I was not prepared, however, for how my undergraduates would receive other aspects of the course material. I had put “Reading The Waste Land with the #MeToo Generation” on the syllabus for the session after our first discussion of The Waste Land, suspecting the arguments Quigley marshalled might surprise my students, even trigger resistance. I had, after all, spent many years coaxing people to venture any opinions at all about this infamously challenging poem. Their reluctance to talk about sex and sexuality in The Waste Land tended to be stubborn, even after I began to pair the poem with Wayne Koestenbaum’s essay about “homosocial literary relations” between Eliot and Pound, “shadowed by a sometimes disguised misogyny.”[4] In retrospect, I should have sensed seismic movement beginning in the 2016 version of the course; feminist anger percolated in that room, although students were more cagey than now in expressing it. Yet even after a few weeks of conversation with the 2019 group—comprised of seventeen English majors and Creative Writing minors—I wasn’t expecting such an intense reaction to Eliot’s poem.

The first student comment on our first day discussing The Waste Land shook me, reminding me of Quigley’s remark that her classes “are often enraged” by modernist texts and “are taking me to task for my blind spots.” The comment came from the student who always sat to my immediate right: “I was so disturbed by the feminization of mental illness in this poem,” he said. Instead of trying, as I had before, to persuade this crowd that sexual violence is at the heart of The Waste Land, I listened as undergraduates discussed it as a poem centered on rape —a repetition of “the silencing of women and the violence of sexual assault,” as Cécile Varry puts it. Was normalizing sexual violence, they wondered, fundamental to Eliot’s enterprise? To modernism generally?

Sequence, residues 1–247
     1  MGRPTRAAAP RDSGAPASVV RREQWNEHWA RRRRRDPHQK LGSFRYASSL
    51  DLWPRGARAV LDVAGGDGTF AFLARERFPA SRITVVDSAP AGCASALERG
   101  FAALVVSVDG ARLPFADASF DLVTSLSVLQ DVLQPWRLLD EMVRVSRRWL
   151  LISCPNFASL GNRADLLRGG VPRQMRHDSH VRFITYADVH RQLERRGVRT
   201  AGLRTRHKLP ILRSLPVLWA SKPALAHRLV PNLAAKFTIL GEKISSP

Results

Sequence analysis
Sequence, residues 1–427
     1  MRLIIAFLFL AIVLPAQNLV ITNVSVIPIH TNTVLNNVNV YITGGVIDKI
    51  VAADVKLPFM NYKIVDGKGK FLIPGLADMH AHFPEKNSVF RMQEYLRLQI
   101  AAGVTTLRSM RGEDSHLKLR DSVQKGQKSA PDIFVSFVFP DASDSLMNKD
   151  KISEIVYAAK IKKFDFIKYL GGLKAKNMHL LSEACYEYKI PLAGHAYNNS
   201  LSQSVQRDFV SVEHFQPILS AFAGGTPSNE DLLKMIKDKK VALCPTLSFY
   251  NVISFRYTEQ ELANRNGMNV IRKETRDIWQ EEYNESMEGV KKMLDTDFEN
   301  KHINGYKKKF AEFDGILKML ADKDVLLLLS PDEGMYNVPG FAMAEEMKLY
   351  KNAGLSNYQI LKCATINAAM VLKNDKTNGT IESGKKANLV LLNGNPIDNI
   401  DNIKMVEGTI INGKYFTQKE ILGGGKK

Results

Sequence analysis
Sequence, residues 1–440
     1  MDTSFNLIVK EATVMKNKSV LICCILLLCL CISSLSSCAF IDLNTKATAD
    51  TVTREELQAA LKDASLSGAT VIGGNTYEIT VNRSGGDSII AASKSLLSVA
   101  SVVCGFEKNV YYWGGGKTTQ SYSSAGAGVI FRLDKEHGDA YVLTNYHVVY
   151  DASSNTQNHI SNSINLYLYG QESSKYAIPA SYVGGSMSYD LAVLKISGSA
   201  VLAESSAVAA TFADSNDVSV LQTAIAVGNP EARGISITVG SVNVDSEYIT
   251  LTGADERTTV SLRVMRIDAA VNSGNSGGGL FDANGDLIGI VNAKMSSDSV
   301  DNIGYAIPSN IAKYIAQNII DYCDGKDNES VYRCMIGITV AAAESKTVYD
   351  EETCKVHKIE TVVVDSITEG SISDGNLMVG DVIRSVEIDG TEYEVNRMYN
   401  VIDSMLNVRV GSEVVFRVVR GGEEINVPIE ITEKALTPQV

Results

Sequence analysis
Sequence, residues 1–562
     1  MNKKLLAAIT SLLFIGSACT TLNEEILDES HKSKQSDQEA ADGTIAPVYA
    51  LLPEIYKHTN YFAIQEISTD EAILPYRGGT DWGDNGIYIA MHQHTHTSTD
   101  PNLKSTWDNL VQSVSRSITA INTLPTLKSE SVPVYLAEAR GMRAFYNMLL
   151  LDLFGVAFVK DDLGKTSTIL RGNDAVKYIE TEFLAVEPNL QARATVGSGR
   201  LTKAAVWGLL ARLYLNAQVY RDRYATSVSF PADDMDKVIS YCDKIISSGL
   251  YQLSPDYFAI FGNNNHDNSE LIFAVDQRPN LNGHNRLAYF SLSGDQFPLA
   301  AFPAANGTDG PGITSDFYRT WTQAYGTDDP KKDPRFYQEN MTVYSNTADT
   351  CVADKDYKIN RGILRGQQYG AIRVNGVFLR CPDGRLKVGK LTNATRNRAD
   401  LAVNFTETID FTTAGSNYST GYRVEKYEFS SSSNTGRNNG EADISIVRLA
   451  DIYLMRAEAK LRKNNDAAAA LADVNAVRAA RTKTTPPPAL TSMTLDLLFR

By the end of the hour my students seemed dispirited, exhausted. Our conversation occurred around midterms, and in sympathy, I dialed down my original assignment for the next session, which had been to read the whole Modernism/ modernity cluster. Instead, our common reading would be Quigley’s introduction and Sumita Chakraborty’s essay “No.” I assigned each of the other essays to groups of two or three and asked them to come in ready to report on three issues:

  • What’s the gist of this essay?
  • What’s one point you find especially interesting?
  • Are there any aspects of the essay you don’t agree with or don’t understand?

Their answers, in the next class, included appreciation for the frequent allusions across the cluster to the site of the classroom, particularly in Ria Banerjee’s account of teaching The Waste Land to community college students. They liked the forthrightness of Michelle Taylor’s discussion of affect and discomfort, although, again, their own affect during class was disheartened—the persistence of gender violence and silencing across a century is overwhelming. The very existence of this essay cluster is exhilarating to me, but my students’ response was more along the lines of: shouldn’t these critiques be history now? They expressed a need for an updated discussion of how the poem refracts mental health disorders, being skeptical of Koestenbaum’s invocation of Freud; while Janine Utell and Erin E. Templeton treat related questions, my students are acutely conscious of how depression and anxiety intersect with disempowerment. While appreciating Carrie Preston’s essay, they also wished for more conversation about gender fluidity in Eliot’s poetry and in modernism generally, putting me on notice that I need to queer my poetry teaching, too.